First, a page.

A couple of weeks ago, Kanye West and Mos Def crashed a gig by the pianist/keyboardist/hip hop's official jazz guru Robert Glasper and the Blue Note in Greenwich Village. Lupe Fiasco was already on hand as a special guest, meaning this gig would have filled Giants Stadium, let alone the Blue Note's airliner-thin interior. CiscoNYC has the record here.
After the planned set, Mssrs. Def and West got into some spirited freestyle battling. I'm not going to pretend to be some arbiter of the match (though Kanye can make an egotistical rant sound riveting). To be frank, it was the audience involvement, especially during Kanye's go, that got me thinking.
For the the Glasper originals that opened the show, the audience was as polite as you could be at a jazz show, quietly chatting, applauding at appropriate points, etc. Even with Chris Dave digging into a massive pocket on the drums, the audience seemed to treat the whole thing as a mere sonic appetizer. When Kanye began his freestyle, the audience was deeply engaged. There were big responses when he rhymed "urine" with "touring," used big words like "Illuminati," and threw in a chorus-ending reference to "Jesus Walks."
Throughout West's performance, I couldn't help but think how they related to a great bebop solo. In any great solo, the player throws out some licks that feel irresistibly impressive - filled with lots of notes, flying in and out of the key, ending in the screaming upper range - just like West's virtuosic way with words. A well-timed musical quote, like those used by the tenor saxophonist Dexter Gordon, can add a strong dose of humor as well. Considering that great jazz improvisers and great rap freestylers use the same improvisational techniques, the difference in contemporary audience response between a jazz solo and a piece of freestyle is jarring.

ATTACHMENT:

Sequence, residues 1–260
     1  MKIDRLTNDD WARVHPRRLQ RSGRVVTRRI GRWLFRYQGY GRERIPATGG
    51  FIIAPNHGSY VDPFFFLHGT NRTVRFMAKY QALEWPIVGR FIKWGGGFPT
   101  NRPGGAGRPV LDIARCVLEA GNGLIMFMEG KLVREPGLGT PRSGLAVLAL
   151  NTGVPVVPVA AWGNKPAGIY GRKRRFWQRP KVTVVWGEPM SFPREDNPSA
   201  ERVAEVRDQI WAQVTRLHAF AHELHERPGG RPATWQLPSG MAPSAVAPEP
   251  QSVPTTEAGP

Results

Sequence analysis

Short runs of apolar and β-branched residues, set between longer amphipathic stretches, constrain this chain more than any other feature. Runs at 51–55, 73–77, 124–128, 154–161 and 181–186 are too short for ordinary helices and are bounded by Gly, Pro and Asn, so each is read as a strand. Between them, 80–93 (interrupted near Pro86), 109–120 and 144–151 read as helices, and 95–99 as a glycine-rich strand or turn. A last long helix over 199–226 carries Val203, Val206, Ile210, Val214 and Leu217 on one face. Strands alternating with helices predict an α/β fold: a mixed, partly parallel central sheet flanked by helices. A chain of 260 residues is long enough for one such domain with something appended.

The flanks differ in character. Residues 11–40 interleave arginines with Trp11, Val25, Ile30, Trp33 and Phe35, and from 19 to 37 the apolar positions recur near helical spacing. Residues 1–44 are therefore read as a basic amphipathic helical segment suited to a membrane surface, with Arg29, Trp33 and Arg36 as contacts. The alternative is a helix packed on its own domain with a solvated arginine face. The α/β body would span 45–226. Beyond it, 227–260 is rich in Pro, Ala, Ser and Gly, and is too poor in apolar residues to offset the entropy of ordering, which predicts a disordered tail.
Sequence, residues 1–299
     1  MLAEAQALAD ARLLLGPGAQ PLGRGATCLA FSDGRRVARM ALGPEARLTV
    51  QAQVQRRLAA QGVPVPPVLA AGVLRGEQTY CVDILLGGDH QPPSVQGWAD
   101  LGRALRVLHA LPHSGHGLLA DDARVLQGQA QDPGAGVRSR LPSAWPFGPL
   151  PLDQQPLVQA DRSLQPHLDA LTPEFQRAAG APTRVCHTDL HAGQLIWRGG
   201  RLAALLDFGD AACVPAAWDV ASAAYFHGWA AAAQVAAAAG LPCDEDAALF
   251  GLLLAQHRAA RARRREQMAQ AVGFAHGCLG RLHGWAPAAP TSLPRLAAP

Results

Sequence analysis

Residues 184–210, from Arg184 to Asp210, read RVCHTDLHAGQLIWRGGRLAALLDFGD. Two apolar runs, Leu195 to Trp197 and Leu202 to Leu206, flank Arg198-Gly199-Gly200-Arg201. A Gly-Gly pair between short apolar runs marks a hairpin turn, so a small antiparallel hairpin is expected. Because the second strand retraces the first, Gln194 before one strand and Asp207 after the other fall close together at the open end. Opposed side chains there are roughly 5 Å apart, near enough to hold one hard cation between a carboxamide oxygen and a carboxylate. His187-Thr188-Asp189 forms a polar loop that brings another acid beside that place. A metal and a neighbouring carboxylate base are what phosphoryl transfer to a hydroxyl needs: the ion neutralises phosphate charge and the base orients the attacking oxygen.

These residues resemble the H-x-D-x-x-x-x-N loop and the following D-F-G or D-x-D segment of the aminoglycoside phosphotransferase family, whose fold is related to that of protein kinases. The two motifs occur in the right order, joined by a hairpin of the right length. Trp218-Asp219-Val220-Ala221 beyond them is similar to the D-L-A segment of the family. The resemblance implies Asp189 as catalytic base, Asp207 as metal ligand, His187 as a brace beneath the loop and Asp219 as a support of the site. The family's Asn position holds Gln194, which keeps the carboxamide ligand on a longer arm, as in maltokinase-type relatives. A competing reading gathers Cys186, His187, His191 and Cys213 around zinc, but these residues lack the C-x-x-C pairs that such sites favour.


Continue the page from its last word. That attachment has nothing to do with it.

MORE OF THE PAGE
The easy answer for this discrepancy even within the Glasper gig is that young listeners haven't listened to much jazz at all and so impressive runs have no meaning to them. But then again, improvisation is well-received among the young, whether at a concert with Phish or the Roots or with the local party band that jams out over James Brown tunes. I think part of the audience response problem is the context in which people today here jazz the most - classy restaurants and concert halls. These two venues put a premium on manners and appropriate behavior, rather than letting the listener freely engage with the music by cheering or dancing.
If one moves hard-swinging jazz out of these venues and into basement rock clubs, the performance vibe skyrockets. A couple of years ago, I saw the saxophonist Joshua Redman at the Highline Ballroom, a club more inclined to more popular strains of music than what jazz is now. With most of the crowd on its feet scattered around the room, the unyielding groove of the band's two bass-two drum attack got bodies moving. And when Redman jumped into the saxophonic stratosphere (see 3:29 in the vid), there was a mighty cheer. Any listener will respond to great instrumental freestyle if there's no need for permission.